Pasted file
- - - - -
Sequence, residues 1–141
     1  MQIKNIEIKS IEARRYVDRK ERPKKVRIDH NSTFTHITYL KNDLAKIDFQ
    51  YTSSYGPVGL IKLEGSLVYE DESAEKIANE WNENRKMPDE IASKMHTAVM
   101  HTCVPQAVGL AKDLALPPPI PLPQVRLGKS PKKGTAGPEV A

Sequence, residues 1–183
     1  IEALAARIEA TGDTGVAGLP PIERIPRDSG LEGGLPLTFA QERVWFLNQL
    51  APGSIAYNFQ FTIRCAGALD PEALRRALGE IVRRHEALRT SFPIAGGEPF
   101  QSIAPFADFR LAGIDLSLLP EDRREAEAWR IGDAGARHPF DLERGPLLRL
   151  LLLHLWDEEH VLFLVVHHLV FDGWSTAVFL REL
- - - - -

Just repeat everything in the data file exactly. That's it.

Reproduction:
Sequence, residues 1–141
     1  MQIKNIEIKS IEARRYVDRK ERPKKVRIDH NSTFTHITYL KNDLAKIDFQ
    51  YTSSYGPVGL IKLEGSLVYE DESAEKIANE WNENRKMPDE IASKMHTAVM
   101  HTCVPQAVGL AKDLALPPPI PLPQVRLGKS PKKGTAGPEV A

Sequence, residues 1–183
     1  IEALAARIEA TGDTGVAGLP PIERIPRDSG LEGGLPLTFA QERVWFLNQL
    51  APGSIAYNFQ FTIRCAGALD PEALRRALGE IVRRHEALRT SFPIAGGEPF
   101  QSIAPFADFR LAGIDLSLLP EDRREAEAWR IGDAGARHPF DLERGPLLRL
   151  LLLHLWDEEH VLFLVVHHLV FDGWSTAVFL REL